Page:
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Sports Then and Now

Baseball Survived These 5 Changes — It Will Survive Instant Replay, Too

Posted on April 23, 2014 by Danielle Ward
Thanks to instant replay will baseball arguments soon be a thing of the past?

Thanks to instant replay will baseball arguments soon be a thing of the past?

A baseball manager is having a meltdown and starts yelling before he even leaves the dugout. He leaps onto the field, gesturing wildly, and strides across the field until his face is inches away from the ump’s. He may toss his hat in disgust, shout some expletives and get thrown out of the game. The manager meltdown is a revered baseball tradition, but instant replay could be taking it away.

In addition to using pure gut instinct to decide whether to ask for an instant replay, managers have to know which plays are the most statistically important. They don’t want to burn up their single replay on an unimportant play. Fans who love to bet on baseball will be watching just how well managers handle their instant replay strategies. It’s something that could recharge the game, just like many changes from the past have done.

Of course, baseball isn’t a sport whose fans thrive on change. Additions like gloves, batting helmets and numbered uniforms, at one time, were enough to initiate some serious fan meltdowns. Let’s take a look back at how baseball has coped with big changes in the past. If the past is the best predictor of the future, instant replay will work out just fine.


Baseball gloves were not always standard equipment.

Baseball gloves were not always standard equipment.

In the 1800s, baseball players who didn’t catch with their bare hands were considered “unmanly,” according to official MLB historian John Thorn. In 1875, Charles Waitt of St. Louis wore a glove during a game, but he insisted the glove be flesh-toned so no one would doubt his masculinity. By 1890, as hand injuries piled up, most players were wearing padded baseball gloves. Today, glove manufacturers like Spalding, Wilson, Mizuno and Easton make $208.7 million per year.

Batting Helmets
The next assault on baseball player manliness came in the form of the batting helmet. By the 1900s, catchers had protective masks, shin guards and chest protectors, but no baseball batter consented to wear protective headgear. This remained true even after the 1920 death of Ray Chapman, who took a fastball to the head while standing in the batter’s box. In 1941, Brooklyn Dodgers manager Larry MacPhail insisted his team wear batting helmets, but the helmet didn’t become mandatory across baseball until 1971.

Numbered Uniforms
In 1923, St. Louis Cardinals manager Branch Rickey added numbers to the sleeves of his players to help the fans identify them. “Ridicule followed throughout the country, presswise and otherwise,” Rickey told historians later. “Because of the continuing embarrassment to the players, the numbers were removed.” Fortunately, other teams kept trying the number experiment, and now baseball players’ uniform numbers are integral to their identities. Since the Yankees retired number 4 in honor of Lou Gehrig in 1940, teams have retired over 100 uniform numbers to honor the greats of the game.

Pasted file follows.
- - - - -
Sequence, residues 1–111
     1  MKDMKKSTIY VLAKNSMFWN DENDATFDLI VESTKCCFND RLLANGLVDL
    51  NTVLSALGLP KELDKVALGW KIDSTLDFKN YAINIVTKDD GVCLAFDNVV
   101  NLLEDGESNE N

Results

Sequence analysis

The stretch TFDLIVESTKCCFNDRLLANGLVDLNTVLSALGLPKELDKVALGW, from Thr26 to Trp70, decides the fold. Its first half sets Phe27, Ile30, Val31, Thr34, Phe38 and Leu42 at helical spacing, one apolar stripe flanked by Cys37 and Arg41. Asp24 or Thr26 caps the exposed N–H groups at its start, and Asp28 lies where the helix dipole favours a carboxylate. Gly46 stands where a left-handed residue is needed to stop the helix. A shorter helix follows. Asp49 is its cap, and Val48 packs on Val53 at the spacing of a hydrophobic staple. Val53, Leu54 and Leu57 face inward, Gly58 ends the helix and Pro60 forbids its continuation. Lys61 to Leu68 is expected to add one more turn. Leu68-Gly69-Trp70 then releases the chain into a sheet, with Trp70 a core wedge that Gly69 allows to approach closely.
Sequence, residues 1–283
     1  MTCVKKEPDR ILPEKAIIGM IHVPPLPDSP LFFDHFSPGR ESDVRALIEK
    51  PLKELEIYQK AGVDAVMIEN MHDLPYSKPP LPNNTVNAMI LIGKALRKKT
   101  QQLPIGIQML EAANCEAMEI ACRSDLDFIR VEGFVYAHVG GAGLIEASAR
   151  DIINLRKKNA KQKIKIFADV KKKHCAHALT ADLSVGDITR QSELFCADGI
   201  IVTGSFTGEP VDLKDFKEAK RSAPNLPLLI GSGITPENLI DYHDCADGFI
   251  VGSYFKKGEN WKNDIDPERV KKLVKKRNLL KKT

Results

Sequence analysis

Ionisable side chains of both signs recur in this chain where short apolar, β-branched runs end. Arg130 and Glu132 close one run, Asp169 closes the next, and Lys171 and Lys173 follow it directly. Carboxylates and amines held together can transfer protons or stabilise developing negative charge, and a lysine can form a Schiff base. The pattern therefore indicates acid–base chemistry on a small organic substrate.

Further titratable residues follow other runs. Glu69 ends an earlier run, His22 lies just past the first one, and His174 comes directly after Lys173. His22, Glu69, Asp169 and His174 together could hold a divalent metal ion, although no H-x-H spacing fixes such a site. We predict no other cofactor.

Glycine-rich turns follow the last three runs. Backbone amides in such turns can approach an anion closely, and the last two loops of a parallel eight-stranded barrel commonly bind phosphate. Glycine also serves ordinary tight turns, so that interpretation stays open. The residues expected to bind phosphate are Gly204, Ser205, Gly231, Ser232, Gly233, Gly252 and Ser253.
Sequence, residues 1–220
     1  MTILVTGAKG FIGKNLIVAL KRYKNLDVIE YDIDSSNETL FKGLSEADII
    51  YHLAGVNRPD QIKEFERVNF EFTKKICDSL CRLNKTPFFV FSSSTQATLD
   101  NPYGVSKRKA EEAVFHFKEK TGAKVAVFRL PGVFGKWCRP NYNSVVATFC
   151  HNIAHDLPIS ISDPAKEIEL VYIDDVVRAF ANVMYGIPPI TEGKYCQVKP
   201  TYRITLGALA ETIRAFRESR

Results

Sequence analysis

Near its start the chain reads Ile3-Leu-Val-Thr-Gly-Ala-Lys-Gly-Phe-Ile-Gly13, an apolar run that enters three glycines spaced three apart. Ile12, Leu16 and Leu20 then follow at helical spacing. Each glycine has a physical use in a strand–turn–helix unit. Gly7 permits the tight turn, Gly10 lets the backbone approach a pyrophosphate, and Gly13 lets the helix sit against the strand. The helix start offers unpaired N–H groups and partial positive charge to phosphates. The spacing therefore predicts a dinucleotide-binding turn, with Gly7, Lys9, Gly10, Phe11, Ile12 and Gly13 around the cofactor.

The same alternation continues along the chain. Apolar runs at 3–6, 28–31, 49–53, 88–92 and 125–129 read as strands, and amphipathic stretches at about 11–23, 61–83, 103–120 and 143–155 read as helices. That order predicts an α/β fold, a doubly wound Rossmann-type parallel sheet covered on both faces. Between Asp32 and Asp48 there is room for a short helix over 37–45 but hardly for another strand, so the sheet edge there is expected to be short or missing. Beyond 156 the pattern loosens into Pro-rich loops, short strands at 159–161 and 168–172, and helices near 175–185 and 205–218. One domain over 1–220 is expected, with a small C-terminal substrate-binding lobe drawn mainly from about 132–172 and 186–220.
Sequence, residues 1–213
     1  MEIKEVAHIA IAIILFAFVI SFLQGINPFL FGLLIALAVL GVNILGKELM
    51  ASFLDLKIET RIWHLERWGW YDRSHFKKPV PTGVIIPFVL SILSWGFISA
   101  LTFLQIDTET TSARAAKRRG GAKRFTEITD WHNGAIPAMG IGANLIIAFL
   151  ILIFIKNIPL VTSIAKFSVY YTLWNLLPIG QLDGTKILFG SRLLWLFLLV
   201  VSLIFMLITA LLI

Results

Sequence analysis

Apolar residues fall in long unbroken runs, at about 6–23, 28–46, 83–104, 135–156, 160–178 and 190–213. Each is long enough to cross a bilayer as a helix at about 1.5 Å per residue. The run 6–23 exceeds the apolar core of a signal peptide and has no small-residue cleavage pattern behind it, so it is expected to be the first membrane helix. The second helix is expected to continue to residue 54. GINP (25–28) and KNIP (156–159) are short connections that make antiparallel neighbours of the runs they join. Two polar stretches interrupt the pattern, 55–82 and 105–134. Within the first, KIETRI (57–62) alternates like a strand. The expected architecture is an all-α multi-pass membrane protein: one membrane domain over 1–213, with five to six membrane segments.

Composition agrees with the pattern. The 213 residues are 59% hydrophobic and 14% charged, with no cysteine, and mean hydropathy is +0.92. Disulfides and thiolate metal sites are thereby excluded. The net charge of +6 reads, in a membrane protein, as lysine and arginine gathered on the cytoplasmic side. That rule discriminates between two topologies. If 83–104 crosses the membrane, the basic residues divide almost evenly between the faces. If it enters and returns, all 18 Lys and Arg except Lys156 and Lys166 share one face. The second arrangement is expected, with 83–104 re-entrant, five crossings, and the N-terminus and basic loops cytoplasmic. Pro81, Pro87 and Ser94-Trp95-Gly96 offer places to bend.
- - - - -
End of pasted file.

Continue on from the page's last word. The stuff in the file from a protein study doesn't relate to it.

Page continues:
In 1965, the Astrodome baseball stadium had a natural grass-covered field. However, the glare of the Astrodome’s Lucite roof quickly killed all of the grass, so for the rest of 1965, the Astros painted the dirt green. Then, Monsanto invented artificial ChemGrass for the Astrodome, which required no maintenance except to be squeegeed off when it rained. ChemGrass became known as AstroTurf, and by 1982, 10 of 26 MLB stadiums had it. Baseballs bounced faster and truer on the fake grass, which moved the focus of the game toward base stealing and speedy leadoff hitters.

Designated Hitter

David Ortiz is a beneficiary of the designated hitter rule.

David Ortiz is a beneficiary of the designated hitter rule.

When the American League changed its rules in 1973 to provide for an extra hitter to replace the pitcher in the batting order, it ushered in an era that even more than 40 years later is not embraced by everyone. Many fans still hate the DH, which was a front-office invention inspired to increase offensive production and team revenue. However, the DH had an immediate effect on baseball, shortening the game by about 10 minutes, increasing team batting averages by 17 points and adding innings to starting pitcher’s outings — after all, pitchers didn’t have to be lifted from the game because the manager wanted a pinch hitter at a crucial scoring moment.

The Final Score
The way Major League Baseball has designed the instant replay rule is nothing short of brilliant. While some fans may complain now, soon instant replay will be just another part of the game. Baseball has survived many changes. It will survive instant replay.

On-field argument image by Keith Allison from Flickr Creative Commons.
1905 Spalding baseball glove ad image from Wikimedia Commons (public domain).
David Ortiz image by SecondPrint Productions from Wikimedia Commons.

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